3. Clearly mark the versions of your design
I usually use a site map to store the versions of my design that are about to be tested simultaneously, marking them with the appropriate version number (v1, v2) and a title (to let my teammates recognise them easier). A mere v.14 – is no good for your team – v.14: Blue Button – will work better.
I usually copy the main version page (v1) and start by providing reasonable changes. Thanks to this I don’t start over every single time, but rather I work on the design. That’s the quickest technique for creating different versions of a design.
Since you can literally generate hundreds of versions, it’s really important that you always design based on your knowledge, not just the mathematical possibility of multiplying the design.
On the wireframe below I decided to eliminate the image and base the whole layout on text. It provides less visual mess and gives more space around the call-to-action button. Therefore, the effect of a contrast might be more significant. What’s more, the whole layout will be weighted towards the headline and two bullets, which are very compelling.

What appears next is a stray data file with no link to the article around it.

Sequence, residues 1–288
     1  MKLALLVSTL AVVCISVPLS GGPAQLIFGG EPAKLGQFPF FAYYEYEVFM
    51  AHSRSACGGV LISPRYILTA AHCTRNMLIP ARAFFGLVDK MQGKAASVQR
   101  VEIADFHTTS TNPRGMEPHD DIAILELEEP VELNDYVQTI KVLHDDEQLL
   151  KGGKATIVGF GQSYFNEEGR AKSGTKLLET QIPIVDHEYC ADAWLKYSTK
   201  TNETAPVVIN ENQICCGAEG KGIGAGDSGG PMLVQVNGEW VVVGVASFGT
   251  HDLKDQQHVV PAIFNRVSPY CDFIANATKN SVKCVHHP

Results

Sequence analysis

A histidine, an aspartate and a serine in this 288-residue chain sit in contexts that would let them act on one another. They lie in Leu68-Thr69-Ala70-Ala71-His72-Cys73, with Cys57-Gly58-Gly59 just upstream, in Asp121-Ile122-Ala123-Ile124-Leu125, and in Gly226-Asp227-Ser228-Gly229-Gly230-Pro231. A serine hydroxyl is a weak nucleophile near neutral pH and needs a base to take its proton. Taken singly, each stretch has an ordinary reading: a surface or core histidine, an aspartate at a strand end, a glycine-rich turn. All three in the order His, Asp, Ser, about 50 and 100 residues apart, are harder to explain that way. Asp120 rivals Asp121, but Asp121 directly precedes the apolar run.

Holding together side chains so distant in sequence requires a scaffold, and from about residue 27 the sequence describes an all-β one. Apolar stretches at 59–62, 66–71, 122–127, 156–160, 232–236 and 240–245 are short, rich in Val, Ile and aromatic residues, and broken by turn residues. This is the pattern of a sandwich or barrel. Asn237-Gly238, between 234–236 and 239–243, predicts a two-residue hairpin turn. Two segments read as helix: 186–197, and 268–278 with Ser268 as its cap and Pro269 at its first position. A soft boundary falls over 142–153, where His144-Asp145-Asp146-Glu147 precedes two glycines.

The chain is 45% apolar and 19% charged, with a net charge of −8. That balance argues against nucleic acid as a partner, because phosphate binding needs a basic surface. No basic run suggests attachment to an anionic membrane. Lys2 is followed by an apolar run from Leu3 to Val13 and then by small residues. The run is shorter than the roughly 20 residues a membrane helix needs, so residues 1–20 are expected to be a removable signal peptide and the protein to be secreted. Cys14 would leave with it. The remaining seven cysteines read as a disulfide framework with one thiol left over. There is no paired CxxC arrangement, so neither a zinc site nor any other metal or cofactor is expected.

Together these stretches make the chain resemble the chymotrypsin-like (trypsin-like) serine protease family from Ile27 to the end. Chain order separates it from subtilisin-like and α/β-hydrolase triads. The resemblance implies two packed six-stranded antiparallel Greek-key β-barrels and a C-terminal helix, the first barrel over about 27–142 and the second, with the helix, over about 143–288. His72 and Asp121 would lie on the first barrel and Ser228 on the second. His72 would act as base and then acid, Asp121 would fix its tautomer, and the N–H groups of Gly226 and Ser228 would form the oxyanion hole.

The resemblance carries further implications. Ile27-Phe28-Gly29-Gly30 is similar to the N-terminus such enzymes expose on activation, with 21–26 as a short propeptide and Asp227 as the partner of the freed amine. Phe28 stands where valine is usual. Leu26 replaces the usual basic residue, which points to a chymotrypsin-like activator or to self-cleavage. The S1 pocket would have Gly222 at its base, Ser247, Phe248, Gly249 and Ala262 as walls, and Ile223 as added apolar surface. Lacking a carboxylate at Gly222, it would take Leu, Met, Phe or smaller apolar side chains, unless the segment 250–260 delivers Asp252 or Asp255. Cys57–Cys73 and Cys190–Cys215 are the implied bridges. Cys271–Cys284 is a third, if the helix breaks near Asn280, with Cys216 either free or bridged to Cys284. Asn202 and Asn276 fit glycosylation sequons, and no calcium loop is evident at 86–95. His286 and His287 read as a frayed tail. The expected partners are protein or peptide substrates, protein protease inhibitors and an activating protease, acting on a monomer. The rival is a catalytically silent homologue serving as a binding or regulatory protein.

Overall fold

In some cases, this might be a very persuasive layout for a landing page.
If a certain version of a design gives me some idea of a hypothesis which is small but worth testing, I’m creating a dependable version. In the example below you can see that the only thing that I’ve changed is the button colour. I purposefully reduced the contrast between the content and call-to-action button, to check if users, forced to focus less on a button and more on a headline copy, would convert better. I called this version “v. 4.1 No image; pale button”, so the visual designer would easily understand what I’ve been trying to accomplish.
If I want a new version to replace a previous one, I create a new iteration in UXPin (by hitting the big blue button), which lets me always come back to the old version if needed. It’s a kind of version control system.
4. Always share the results with your team
That’s the golden rule – always share and discuss the result of an optimisation test of your landing page with the whole team. Let them see what works and what doesn’t for your users and teach them how small things can affect business. It’ll pay off with great motivation, and understanding of the users and the design.
To learn more about collaboration in the UX design process have a look at the previous part of the course: Collaboration in the User Experience Design Process.
Hope you’ve learnt that there are no miracles in the art of optimising a landing page – just room for hard design work and a lot of testing. It actually gives you super-hero power. No tutorial will outsmart you and replace your experience.
The Conversion Rate is up to you dear friend.
Feel free to use the wireframing techniques that I’ve presented in your next project. Let me know the results!
PS. If you haven’t signed up to UXPin yet – it’s time to practise some design skills.